Password Change Emails, and a Password Generator

December 6, 2007

You have until December 13th to change the email passwords on your account, otherwise Fasthosts will scramble them.  If you have customers with email hosted with you, and their passwords are scrambled, you will receive a phone call for each email address, and will have to change these manually and talk your customers through changing the password in their email client.

Bear in mind that you won’t be able to send your customers an email after this time, because they can’t retrieve it without their passwords.

When the major password reset took place last Thursday, even people who had already changed passwords on their account were affected.  This suggests that if one or two passwords have not yet been changed on an account, Fasthosts technology may not be clever enough to scramble only those that have not been changed, and instead scramble every email address that is associated with the account.  No comment has been published by Fasthosts to explain this, so we have to be aware that there is a real possibility that the passwords could be scrambled anyway.

You will find new tools on your account to help with this.  Only one is working at the moment, this one gives you a list of the affected email addresses and the new scrambled password that will be effective after Thursday 13th.

Our advice is send an email now to each address you have responsibility for.  If you are happy to do so, include the Fasthosts offered password in the email and explain that this password will become effective on 13th December.  Suggest that it would be better if they changed their passwords themselves using the MCP and include a guide on how to do so. (See link below)

If you have a lot of customers calling in this could mean a lot of work for you, so make sure you set Thursday and Friday aside, and it might be a good idea to mention in the email that you will have to charge a nominal fee to change their passwords manually.  This will usually encourage people who are able to help themselves.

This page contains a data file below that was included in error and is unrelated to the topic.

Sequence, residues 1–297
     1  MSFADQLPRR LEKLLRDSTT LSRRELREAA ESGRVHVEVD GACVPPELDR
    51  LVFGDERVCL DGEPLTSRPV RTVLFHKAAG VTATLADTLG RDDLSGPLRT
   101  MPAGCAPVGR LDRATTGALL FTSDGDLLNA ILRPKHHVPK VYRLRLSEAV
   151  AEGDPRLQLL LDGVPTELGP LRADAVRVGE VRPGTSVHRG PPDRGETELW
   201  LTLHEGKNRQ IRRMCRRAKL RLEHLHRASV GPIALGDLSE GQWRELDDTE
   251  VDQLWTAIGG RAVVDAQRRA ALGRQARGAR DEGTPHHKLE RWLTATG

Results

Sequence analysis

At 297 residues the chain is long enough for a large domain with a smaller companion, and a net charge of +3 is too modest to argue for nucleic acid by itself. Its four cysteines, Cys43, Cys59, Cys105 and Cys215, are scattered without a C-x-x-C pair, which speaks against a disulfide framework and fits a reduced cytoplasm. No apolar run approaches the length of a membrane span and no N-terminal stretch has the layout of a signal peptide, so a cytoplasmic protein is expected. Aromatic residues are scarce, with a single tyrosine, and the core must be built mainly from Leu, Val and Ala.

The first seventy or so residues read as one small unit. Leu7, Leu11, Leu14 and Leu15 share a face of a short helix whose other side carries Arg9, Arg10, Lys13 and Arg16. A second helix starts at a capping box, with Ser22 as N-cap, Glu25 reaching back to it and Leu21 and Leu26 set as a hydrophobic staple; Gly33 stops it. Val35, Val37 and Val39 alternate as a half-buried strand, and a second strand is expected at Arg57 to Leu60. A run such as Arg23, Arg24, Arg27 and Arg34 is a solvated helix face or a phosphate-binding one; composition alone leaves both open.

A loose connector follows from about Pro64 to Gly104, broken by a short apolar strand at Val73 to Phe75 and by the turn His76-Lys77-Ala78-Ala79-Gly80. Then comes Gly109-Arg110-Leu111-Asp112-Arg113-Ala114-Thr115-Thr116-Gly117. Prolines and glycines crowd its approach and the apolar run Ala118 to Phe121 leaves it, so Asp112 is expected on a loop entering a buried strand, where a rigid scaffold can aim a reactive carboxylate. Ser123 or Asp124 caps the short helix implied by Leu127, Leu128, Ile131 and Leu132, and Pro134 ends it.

You can find a guide to changing passwords that you can send to customers & staff at: http://www.supportguides.co.uk/emailpasswords/changing-email-passwords.pdf

If you do find yourself having to reset the passwords again, here is a tool that will help you quickly generate a good replacement: http://www.pctools.com/guides/password/.

Finally, make sure you make it clear to customers that they should not attempt to change their passwords back to the one they currently use.  This has not been made clear by Fasthosts, but essentially, this is what they mean when they say:

Under no circumstances should you reuse old email passwords.

We believe that they will run their password checker a few times, and if they spot an old password in use, it will be scrambled.  Either this, or their checker is only clever enough to compare the current password with the one they have on file from November 30th, or October 18th.  So if your customer changes their password twice in order to restore their old password, they are likely to fall foul of the scramble on December 13th and/or checks in the following days.  It’s not like Fasthosts are going to tell you this beforehand.

UPDATE [1]: We already know that Fasthosts store all passwords in plain text.  Hopefully this will be rectified soon.  You should probably not use the generated passwords offered by Fasthosts as these are likely to be easy to read somewhere on the system.  It’s doubtful that they will have had time in the last week to come up with some effective way to protect the newly generated passwords, and the script that delivers them in your control panel may be susceptible to attack.

Advertisements

Leave a Reply

Fill in your details below or click an icon to log in:

WordPress.com Logo

You are commenting using your WordPress.com account. Log Out / Change )

Twitter picture

You are commenting using your Twitter account. Log Out / Change )

Facebook photo

You are commenting using your Facebook account. Log Out / Change )

Google+ photo

You are commenting using your Google+ account. Log Out / Change )

Connecting to %s

%d bloggers like this: